African American history spotlighted at Central Library

Scott Ellsworth

A lecture related to little-known African American sports history will lead off a series of events celebrating African American History Month at the Central Library. On Feb. 7, historian Scott Ellsworth will discuss his research uncovering a secret basketball game played between segregated teams during World War II. Ellsworth’s talk will begin at 4:10 p.m. in the Community Room.

Ellsworth is the author of The Secret Game: A Wartime Story of Courage, Change, and Basketball’s Lost Triumph. He teaches history at the University of Michigan and has written extensively on racial issues in American life in The New York Times and Smithsonian Magazine, among other publications. One of his areas of interest is teaching students oral history techniques. After Ellsworth’s talk, there will be a question-and-answer session with Andrew Maraniss, author of Strong Inside: Perry Wallace and the Collision of Race and Sports in the South, followed by a reception.

The ongoing series of brown bag lunches hosted by the library resumes Feb. 15 when librarian Deborah Lilton will discuss rare collections from Vanderbilt’s IMPACT series. Historic documents from previous symposiums will be on display. Founded in 1964, IMPACT is one of the oldest university lecture programs of its caliber in the nation. Lilton serves as librarian for African American and Diaspora studies and English. Her presentation will be from noon to 1 p.m. in Sarratt 327. The brown bag series is co-sponsored by the Office of Inclusion Initiatives and Cultural Competence.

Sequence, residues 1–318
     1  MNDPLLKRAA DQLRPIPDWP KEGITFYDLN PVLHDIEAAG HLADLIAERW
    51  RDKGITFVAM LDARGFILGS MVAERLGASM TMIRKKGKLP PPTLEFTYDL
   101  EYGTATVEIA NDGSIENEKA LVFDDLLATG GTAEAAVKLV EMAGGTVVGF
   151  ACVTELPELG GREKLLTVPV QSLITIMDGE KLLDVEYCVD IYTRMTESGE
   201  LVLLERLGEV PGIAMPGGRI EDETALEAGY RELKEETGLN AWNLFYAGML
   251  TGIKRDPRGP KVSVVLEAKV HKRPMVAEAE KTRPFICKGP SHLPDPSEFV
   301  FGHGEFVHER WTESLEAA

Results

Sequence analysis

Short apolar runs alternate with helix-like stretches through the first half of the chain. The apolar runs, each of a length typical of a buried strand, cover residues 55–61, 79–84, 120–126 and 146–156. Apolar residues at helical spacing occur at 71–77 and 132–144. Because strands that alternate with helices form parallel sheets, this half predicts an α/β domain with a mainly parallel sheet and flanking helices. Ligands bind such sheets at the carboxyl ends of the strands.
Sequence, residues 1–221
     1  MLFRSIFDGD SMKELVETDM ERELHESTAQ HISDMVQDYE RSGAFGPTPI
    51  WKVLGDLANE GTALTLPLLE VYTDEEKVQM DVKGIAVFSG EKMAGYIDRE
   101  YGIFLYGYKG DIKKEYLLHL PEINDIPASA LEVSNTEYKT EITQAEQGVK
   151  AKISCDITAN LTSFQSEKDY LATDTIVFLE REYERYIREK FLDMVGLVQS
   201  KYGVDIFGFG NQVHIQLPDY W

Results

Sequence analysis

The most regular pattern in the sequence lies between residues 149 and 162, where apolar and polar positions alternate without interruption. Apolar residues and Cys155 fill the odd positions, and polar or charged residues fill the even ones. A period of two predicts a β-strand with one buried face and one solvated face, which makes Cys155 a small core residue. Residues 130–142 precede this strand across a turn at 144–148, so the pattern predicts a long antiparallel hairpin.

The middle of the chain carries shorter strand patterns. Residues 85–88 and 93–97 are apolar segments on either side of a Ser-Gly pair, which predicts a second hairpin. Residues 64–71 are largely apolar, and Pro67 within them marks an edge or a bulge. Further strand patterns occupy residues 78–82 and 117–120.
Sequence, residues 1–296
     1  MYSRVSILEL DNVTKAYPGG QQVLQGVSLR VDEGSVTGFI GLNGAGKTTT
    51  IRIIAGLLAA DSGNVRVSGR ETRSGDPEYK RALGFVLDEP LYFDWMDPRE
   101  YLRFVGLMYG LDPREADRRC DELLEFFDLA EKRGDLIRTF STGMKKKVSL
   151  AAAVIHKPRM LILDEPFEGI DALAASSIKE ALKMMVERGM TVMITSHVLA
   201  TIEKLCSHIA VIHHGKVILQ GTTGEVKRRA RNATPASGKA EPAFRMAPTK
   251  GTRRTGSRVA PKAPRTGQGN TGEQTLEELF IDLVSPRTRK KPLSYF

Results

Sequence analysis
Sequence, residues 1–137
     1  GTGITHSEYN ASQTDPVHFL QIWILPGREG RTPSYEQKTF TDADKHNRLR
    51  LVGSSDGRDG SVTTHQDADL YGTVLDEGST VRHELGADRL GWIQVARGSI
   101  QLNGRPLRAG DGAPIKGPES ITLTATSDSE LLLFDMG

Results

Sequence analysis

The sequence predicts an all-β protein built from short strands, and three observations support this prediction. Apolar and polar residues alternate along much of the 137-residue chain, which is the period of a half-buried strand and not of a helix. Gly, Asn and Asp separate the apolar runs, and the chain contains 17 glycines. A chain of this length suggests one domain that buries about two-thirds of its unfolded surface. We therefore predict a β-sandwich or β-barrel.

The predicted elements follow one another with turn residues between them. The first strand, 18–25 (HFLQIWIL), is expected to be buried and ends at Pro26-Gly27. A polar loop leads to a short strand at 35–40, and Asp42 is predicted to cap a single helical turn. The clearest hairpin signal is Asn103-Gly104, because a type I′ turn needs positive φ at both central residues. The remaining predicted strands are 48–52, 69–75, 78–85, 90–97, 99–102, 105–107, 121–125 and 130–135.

“The partnerships fostered with the Jean and Alexander Heard Libraries and campus partners within the Dean of Students have bridged the gap of history and learning for our future scholars, faculty and staff,” said Tyler Hodges, program coordinator for Inclusion Initiatives and Cultural Competence. “The special collections housed steps away from our student center are truly treasures for this community and are deserving of a platform as well as our attention. I can only hope that more events such as those upcoming bring a newfound level of awareness and engagement.”

On Feb. 28 Central Library will host a Wikipedia edit-a-thon on African American history and civil rights from 11 a.m. to 1 p.m. in Special Collections. No prior editing experience is required; experienced editors will teach participants how to edit. Lunch will be provided along with a short tour by Kathy Smith, associate university archivist, of the cases related to civil rights in the new exhibit “Distinctive Collections.”

All three programs are free and open to the public. For more information, email Mary Anne Caton.

Mary Anne Caton contributed to this article.